Last year, I was doing home visits with partner teacher Suzy. We found out that the student’s mother had died years ago, when the child was 5. The student now was 16.
When we asked about whether the student had experienced any trauma, the father answered, “No.” When I asked whether he thought mom’s death might have been traumatic, he said it was years ago. It didn’t affect his child now.
Dad had remarried. He was having children with the second wife. He had moved on.
We weren’t quite sure about his child.
Talk about a different worldview. I can’t imagine ever not being affected by my mother’s death.
And so that brings us to a resource partner teacher Suzy sent me last week.
The National Child Traumatic Stress Network (NCTSN) Learning Center has an amazing toolkit that focuses specifically on refugees and trauma. It provides questions you can ask the family to determine student risk, how it might be manifesting itself and what you can do about it.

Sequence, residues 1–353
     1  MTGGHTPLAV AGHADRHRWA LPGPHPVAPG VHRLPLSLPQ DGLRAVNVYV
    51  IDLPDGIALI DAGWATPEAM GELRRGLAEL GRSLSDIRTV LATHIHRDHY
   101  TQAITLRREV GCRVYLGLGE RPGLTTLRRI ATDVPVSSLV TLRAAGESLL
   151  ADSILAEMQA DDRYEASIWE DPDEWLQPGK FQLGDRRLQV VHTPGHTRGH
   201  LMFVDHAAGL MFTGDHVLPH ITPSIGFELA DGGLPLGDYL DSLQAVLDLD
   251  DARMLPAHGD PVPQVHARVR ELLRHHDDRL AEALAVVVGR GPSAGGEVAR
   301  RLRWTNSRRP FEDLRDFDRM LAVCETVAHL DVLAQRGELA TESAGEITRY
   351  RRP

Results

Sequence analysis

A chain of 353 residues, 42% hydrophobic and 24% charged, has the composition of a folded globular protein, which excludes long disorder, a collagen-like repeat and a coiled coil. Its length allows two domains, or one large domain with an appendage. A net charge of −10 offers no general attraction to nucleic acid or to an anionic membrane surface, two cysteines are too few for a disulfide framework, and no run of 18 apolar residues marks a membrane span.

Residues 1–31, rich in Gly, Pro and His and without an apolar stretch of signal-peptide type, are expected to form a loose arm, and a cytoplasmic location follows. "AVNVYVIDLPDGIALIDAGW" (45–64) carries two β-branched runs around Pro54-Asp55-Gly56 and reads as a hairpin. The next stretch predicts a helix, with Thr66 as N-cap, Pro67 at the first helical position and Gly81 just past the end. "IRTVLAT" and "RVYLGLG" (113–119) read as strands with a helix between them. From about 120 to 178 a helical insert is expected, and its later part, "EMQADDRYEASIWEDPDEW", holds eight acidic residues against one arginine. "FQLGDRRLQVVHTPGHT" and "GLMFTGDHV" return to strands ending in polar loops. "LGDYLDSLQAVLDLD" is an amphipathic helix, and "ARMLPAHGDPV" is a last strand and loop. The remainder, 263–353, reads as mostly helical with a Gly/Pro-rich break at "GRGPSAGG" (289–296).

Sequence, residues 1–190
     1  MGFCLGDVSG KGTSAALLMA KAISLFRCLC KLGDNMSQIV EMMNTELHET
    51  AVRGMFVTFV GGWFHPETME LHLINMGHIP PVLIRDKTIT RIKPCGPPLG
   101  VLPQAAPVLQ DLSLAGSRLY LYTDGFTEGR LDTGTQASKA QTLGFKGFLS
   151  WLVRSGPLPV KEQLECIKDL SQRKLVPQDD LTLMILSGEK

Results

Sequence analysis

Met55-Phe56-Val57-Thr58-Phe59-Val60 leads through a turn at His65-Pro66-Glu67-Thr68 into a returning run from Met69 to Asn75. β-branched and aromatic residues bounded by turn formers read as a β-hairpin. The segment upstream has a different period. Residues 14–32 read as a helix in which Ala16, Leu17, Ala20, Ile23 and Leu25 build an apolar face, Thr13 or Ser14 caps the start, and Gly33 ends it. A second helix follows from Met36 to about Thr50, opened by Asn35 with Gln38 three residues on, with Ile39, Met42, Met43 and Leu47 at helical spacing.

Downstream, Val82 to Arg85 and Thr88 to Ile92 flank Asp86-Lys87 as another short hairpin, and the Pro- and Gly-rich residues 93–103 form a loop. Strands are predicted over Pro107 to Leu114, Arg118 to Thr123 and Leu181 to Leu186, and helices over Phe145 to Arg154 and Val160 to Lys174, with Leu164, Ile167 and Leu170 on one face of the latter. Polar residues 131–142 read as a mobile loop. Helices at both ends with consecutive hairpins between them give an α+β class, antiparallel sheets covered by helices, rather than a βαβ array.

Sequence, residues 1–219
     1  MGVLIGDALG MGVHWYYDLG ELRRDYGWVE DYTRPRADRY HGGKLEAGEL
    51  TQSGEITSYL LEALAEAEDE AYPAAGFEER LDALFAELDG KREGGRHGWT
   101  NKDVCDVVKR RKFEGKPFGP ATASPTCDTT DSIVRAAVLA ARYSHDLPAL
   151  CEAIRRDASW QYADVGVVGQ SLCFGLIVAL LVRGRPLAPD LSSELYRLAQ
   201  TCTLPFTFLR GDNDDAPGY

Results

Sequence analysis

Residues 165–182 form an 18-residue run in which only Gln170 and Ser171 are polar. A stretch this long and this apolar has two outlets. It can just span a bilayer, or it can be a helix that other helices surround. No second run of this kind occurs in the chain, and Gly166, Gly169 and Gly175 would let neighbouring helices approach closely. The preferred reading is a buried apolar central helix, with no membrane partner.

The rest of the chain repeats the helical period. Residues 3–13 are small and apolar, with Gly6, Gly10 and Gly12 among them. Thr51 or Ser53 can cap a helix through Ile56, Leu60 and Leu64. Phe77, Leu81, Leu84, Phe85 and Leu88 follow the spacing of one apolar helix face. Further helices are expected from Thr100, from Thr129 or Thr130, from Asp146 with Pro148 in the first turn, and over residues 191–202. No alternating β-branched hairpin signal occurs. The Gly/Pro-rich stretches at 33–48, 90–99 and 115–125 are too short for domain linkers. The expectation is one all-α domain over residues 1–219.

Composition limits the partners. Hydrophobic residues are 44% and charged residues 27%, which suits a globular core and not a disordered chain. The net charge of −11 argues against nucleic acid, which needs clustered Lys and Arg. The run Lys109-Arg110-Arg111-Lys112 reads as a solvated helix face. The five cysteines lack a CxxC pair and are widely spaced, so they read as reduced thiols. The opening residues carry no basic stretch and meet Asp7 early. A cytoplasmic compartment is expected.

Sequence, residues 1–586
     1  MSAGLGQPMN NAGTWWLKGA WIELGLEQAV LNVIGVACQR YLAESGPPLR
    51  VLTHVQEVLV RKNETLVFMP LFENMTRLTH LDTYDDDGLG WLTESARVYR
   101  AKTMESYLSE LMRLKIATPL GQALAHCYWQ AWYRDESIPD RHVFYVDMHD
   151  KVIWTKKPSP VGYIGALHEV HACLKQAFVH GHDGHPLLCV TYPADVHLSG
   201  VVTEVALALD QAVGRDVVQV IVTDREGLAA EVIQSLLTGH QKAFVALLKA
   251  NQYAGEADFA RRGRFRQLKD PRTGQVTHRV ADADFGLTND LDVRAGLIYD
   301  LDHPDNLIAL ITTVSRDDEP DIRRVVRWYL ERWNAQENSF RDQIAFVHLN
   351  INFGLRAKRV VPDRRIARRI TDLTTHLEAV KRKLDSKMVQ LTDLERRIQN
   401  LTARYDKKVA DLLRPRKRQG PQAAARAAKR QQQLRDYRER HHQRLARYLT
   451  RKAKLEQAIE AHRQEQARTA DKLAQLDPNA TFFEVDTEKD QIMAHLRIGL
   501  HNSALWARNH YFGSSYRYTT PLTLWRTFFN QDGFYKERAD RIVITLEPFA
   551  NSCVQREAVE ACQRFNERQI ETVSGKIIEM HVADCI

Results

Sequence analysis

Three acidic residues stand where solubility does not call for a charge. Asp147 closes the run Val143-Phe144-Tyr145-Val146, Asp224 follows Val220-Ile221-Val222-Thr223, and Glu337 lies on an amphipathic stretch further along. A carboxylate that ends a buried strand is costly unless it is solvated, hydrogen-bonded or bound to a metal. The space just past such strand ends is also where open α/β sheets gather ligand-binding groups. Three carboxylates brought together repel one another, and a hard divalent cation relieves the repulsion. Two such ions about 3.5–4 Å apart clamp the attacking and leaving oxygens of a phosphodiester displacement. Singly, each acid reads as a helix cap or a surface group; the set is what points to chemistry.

I feel like I’m going to be spending a lot of time on this site.
For each of the stressors listed above, it walks the liaison through, providing questions to ask and steps to take. And when you’re finished, you can print out a pdf that brings all the elements together on one page.
What an amazing tool, if we were actually connected well with the community and working toward what is best for these families.
What do they need to be successful? How can we provide it? That’s the million dollar question.